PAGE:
If you look carefully (click to enlarge, of course) you can just see Messines Church on the horizon immediately to the right of the Cross, and also, on the skyline to the left, the Irish Peace Tower, situated in the Island of Ireland Peace Park on the outskirts of Messines (now, of course, known as Mesen).
I also ought to mention that two more of the British mines that explodeded on 7th June 1917, Trench 127 Left & Trench 127 Right, were located in the fields beyond the Cross.
And finally, just a couple of hundred yards up the road, we find ourselves back at the very first cemetery we visited way back at the start of our tour; Prowse Point Military Cemetery. And that really is the end of the ‘Tour of Ploegsteert Wood’. I promise I shall update the accompanying trench map in due course, and I suppose, bearing in mind the number of times the Battle of Messines has been mentioned during the course of the tour, I’d better get started on the ‘Tour of Messines’, or whatever it eventually gets called, where we shall visit many other cemeteries, memorials, mine craters and, and this is a guarantee, lots and lots of mud.
My grandfather was in WW1 and WW11, I have two shells (that were chromed ) and made into vases. One shell has enscribed around it Ploegsteert 2.4.17 The other has enscribed around it Messines 7.6.17. On the bottom of each shell they are both marked with DEZ 1916 FN is circled st. 13 HL27. Can anytone give me info on these shells. eg. Were they Australian shells ?
I’m afraid that I have no idea about the shells Bev. I have a few myself but there is nothing similar marked on them. Try the Great War Forum. Someone there is bound to be an expert. But most interesting to have a shell inscribed with that date at any rate.
your description “Dez1916” would indicate that they may well be of German origin, manufactured in December 1916 and used in 1917 in the Plugstreet and Messines sector.
Hi Magicfingers, the brown boards around Ploegsteert Wood were placed by the local Tourist Office with the help of members of the Ploegsteert Memorial Committe who is organizing the Last Post once a month at Ploegsteert Memorial.
I have recently uncovered a trench map that was in my grandads possession. It is of the Ploegstreert trenches, is dated May 24th 1916 and shows a section of both British and german trenches. He was a runner with the 1th Hants. The hand drawn map is in very good condition and I was wondering if it is of interest to anyone ?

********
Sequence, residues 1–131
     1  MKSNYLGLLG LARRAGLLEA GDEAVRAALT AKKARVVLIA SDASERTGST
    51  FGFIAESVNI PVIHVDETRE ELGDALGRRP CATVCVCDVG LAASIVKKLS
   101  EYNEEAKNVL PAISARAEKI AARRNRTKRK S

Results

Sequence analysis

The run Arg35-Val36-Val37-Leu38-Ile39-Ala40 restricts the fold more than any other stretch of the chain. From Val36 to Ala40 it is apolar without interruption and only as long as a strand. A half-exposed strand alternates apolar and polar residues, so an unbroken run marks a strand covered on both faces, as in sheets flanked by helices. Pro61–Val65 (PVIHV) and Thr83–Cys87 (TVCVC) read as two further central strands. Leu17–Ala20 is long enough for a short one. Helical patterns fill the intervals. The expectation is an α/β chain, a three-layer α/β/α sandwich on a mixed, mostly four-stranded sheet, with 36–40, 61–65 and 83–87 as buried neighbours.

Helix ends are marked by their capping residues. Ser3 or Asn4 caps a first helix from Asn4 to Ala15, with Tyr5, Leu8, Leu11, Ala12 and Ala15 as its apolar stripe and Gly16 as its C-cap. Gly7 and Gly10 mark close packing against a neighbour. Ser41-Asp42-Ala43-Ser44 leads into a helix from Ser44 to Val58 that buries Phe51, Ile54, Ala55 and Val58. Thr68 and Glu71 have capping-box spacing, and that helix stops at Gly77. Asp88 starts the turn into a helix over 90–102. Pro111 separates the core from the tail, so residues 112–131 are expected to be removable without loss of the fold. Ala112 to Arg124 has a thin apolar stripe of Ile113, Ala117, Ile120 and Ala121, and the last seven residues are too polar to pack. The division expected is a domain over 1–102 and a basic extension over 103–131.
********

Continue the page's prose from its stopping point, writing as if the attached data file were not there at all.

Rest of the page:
Kevin, I am extremely interested! I am currently in sunny Spain but back at the weekend. Would love to discuss the trench map when I get back.
Glad that they might be of interest. One of them is a lot more detailed than the other. I have taken a scan of both of them so I can email them if required.
Kevin, if you wish to discuss the trench maps off-post, then by all means email me at Pumori@btinternet.com. Look forward to hearing from you.
Just read your thread on the trench maps you have from a past relative. I’m visiting the Ploegsteert sector as a group of 5 in October and wondered if you would kindly let me(the group) have a copy(ies) of your maps.
Chairman Lincoln Branch
Western Front Association
I am planning a bicycle trip in the area. I would also be very interested in obtaining copies of your trench maps if you are still willing to share.
Kevin I know this is some time since you posted this. My great uncle George Frederick Stopher White G/9753 10th Battalion Queens Royal West Surrey Regiment died 12 July 1916 Age 19. At the time the battalion was occupying trenches 112 to 120. Would your map show the location of these trenches?
I’ve just come across your Tour of Ploegsteert, and what a great blog!
My Great Uncle – James Spilsbury was involved in the “Meeanee” trench raid conducted by the 10th Cheshire Regiment on 17th Feb 1917 in the area around the present Rue Riche near Ploegsteert Wood (I think this involved raiding the German trenches on the site of the later Ultimo and Factory Farm mines).
If anyone have any information about which German division / battalion was occuying these trenches during this time I’d be grateful.
Hello Guy. Glad you found your way here, and glad you are enjoying it. I would like to help but, as I explained in response to another comment this evening, my books are currently unavailable to me, but let’s hope someone else has the information you are after.
Although I can tell you that the 5th Bavarian Reserve Infantry Regiment, part of the 4th Bavarian Division, were in the trenches opposite Ploegsteert Wood in May 1917…….which probably doesn’t help much!!
My Grandfather was at “Plugstreet Wood” during latter part of 1914, with 1st Battalion Somerset Light Infantry; until he was shot and wounded on 1st December, and a few days later was back in hospital in England. Relating the incident to me years later, he was exchanging fire with the enemy who were in a farmhouse when he was shot.